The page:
A few weeks ago I read a rave review of a book called Vermilion on NPR’s website. I am the type of person who typically believes everything NPR tells me, so when they wrote that the book is “a unique, hearty, thought-provoking romp that rewrites history with a vivacious flourish,” and described its protagonist as “one of the most delightful and charismatic fictional creations in recent memory,” I knew I had to pick it up.
Lou Merriwether, our protagonist, is introduced to us on the Amazon sell page as a “gunslinging, chain smoking, Stetson-wearing Taoist psychopomp.” I’m already in love. What the sell page fails to mention, and what makes Lou even more interesting, is that she’s a girl who prefers to pass as a boy, and isn’t entirely sure that she doesn’t have romantic inclinations towards the fairer sex. All this is to say that, on paper, Lou meets and exceeds all of NPR’s ravings about her innovative, exceptionally realistic character.
With exceedingly high expectations, I loaded up my Kindle copy and dived in nose first.
The story is set in an alternative history – an 1860s setting where talking bears and seals (or sea lions? I can never remember the difference) intermingle with humans, where ghosts, zombies, vampires, and werewolves are as common as bounty hunters and diamond thieves. Discrimination, however, is no less common in Tanzer’s imagined history than it was in reality; the Chinese, the Native Americans are every bit as marginalized as they were in true history, with the bear community thrown in to boot. Lou’s journey takes her from relatively civilized San Francisco to the wilds of Wyoming and finally into Estes Park, Colorado, and the characters she meets at every stage of her journey are as wild and various as she is.
Were my expectations met? Yes, I suppose. I got what I paid for – a rollicking good ride, a brilliantly diverse cast, a page-turning mystery/adventure with as many magical elements as historical. Did I enjoy it? Aye, without a doubt – especially once Lou arrived in Wyoming, and the game was afoot, so to speak, it was impossible not to be drawn into the story.
Yet, something seemed lacking. Hard to put my finger exactly on what. Was I hoping, perhaps, for the occasional pretty turn of phrase? The book is hardly spare, but neither is it particularly descriptive. The language was perfectly competent, if unexciting – nothing to write home about. Was it, perhaps, the banality of the setting, especially once Lou reaches the Sanatorium, where the bulk of the mystery takes place? Hearing about the calisthenics classes, the other patients at the San, and the nitty-gritty of the healing regimes seemed to me utterly trivial, and while some of it was amusing, many more of these details seemed unimportant and distracting. Was I distracted, maybe, by the many twists and turns the plot took? I was, admittedly, sometimes a little confused – mystery isn’t my genre, and I may have been a bit out of practice in terms of following the many threads of the story from beginning to end.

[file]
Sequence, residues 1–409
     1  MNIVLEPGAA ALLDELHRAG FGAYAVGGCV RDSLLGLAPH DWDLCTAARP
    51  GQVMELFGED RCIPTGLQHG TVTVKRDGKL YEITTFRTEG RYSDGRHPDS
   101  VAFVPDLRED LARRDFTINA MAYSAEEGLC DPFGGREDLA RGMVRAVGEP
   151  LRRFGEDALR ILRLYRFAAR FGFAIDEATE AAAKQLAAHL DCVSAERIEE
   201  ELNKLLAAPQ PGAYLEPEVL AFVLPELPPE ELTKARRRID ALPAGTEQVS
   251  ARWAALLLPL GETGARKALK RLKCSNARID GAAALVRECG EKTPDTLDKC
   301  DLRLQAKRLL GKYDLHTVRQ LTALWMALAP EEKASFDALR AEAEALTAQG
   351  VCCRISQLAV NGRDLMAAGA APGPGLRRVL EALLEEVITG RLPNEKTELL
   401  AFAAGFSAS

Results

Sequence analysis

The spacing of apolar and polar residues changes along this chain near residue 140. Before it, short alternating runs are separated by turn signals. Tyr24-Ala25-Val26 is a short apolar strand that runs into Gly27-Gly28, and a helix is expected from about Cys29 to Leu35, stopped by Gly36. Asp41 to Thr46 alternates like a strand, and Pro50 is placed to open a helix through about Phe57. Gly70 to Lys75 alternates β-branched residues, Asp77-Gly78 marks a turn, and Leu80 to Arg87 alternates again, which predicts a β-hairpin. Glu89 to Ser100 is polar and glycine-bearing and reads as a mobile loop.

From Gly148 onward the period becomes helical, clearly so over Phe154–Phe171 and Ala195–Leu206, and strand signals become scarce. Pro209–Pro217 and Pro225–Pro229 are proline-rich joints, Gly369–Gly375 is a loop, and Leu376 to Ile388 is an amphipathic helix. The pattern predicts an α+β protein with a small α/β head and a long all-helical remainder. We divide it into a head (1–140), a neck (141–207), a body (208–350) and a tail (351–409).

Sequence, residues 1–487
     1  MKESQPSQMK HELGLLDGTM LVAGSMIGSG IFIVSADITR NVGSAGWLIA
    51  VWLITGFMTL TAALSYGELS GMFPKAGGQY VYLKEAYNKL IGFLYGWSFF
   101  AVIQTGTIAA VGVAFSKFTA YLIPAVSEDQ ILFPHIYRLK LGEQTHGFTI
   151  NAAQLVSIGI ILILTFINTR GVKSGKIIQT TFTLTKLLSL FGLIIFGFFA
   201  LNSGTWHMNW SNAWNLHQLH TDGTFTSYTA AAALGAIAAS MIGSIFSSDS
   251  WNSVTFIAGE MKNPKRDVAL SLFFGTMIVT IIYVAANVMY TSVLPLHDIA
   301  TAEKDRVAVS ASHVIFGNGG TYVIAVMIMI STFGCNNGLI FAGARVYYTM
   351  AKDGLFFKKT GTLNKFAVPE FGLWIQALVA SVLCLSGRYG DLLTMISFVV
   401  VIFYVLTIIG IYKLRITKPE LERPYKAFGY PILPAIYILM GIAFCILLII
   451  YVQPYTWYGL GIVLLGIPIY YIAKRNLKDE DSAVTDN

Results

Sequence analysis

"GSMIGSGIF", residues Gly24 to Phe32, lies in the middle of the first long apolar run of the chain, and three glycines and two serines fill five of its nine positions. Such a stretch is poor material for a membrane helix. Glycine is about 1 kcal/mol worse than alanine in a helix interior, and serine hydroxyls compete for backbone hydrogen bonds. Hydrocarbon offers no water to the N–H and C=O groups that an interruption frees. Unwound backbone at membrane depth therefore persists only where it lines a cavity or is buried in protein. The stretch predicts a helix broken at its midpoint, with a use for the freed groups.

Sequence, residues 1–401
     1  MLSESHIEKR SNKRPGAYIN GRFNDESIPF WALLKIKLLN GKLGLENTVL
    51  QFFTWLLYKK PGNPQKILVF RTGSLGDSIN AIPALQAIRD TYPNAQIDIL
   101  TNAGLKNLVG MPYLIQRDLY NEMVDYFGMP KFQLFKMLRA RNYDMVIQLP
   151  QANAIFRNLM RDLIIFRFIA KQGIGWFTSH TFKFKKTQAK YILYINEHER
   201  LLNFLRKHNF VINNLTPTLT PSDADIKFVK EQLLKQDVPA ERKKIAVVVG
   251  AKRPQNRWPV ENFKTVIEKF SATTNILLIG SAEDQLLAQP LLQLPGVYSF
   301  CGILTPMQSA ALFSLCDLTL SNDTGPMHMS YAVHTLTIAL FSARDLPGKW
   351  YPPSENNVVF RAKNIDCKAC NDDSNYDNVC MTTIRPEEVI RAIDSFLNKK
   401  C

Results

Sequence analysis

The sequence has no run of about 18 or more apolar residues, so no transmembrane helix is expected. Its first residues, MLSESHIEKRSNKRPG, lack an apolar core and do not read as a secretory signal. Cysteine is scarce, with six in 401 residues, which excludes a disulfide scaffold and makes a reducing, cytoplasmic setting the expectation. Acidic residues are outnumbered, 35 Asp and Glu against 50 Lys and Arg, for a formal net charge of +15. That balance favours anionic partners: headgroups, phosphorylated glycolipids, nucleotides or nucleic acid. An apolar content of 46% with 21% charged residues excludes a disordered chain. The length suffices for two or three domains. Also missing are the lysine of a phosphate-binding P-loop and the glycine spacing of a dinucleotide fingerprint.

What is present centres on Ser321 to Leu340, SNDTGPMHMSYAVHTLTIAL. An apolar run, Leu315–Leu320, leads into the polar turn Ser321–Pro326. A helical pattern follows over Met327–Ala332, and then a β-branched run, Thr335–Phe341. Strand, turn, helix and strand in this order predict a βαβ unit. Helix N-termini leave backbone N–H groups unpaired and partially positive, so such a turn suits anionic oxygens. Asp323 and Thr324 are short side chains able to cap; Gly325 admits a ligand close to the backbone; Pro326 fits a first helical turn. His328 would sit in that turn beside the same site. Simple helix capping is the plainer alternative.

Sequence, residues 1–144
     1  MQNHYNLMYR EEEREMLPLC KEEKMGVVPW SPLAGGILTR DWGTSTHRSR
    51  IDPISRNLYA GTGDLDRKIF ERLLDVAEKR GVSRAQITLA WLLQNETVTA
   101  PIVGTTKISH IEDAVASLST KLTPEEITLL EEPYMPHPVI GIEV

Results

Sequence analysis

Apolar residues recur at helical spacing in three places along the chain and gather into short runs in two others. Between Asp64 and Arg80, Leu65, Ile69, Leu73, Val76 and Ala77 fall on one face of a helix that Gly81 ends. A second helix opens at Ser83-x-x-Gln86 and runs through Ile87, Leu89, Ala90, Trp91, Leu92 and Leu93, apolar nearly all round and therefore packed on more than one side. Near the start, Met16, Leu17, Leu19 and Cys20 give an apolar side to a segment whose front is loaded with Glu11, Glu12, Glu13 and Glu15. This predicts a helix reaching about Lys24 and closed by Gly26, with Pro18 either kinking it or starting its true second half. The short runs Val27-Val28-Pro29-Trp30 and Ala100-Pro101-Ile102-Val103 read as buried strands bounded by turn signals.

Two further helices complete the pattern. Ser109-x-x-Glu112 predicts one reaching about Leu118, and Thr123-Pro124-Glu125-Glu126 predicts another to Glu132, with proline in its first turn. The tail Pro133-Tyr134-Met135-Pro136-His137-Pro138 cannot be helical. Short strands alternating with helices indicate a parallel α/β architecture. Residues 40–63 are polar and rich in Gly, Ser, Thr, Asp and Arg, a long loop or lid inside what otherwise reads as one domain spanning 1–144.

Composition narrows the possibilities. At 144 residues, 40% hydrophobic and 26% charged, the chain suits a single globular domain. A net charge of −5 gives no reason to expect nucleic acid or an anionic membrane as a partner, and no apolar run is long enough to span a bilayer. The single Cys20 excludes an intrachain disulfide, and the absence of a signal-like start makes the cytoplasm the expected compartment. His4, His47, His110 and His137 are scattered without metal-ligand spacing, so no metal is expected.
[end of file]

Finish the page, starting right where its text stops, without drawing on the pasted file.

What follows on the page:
And then there’s Lou’s journey from Wyoming to Estes Park with the strange and captivating Shai, who is perhaps the most prominent secondary character in the book. Lou comes close to falling in love with Shai, before they have a dramatic falling out and part ways shortly before Lou arrives at the Sanatorium. Shai crosses the line between ‘good guy’ and ‘bad guy’ at leas a half-dozen times before the end of the book; it’s safe to say that for me, the end of his story was unsatisfactory, and left me wondering why I’d invested so much time in him to begin with.
But then, maybe Tanzer was just laying the groundwork for a sequel. The book certainly ends on a note that could mark the beginning of a series, and Lou would be one of the most interesting detective-adventurers to grace the bookshelves of that category. If Tanzer wrote and published a sequel, I’d devour it, not only for the joy of meeting Lou and her weird, weird world again, but also in the hopes that Tanzer’s second in the series will be better than her first.
All in all, four out of five stars – a wonderful read that sucked me in and charmed me, with a few elements that could be improved on in future installments. I hope Molly Tanzer does have a sequel up her sleeve; and I hope that if you’re a fan of my friend Jess West’s and J. Edward Paul’s “Weird West” genre of stories, you’ll check out Vermilion, because it not only falls into the category, it stands out.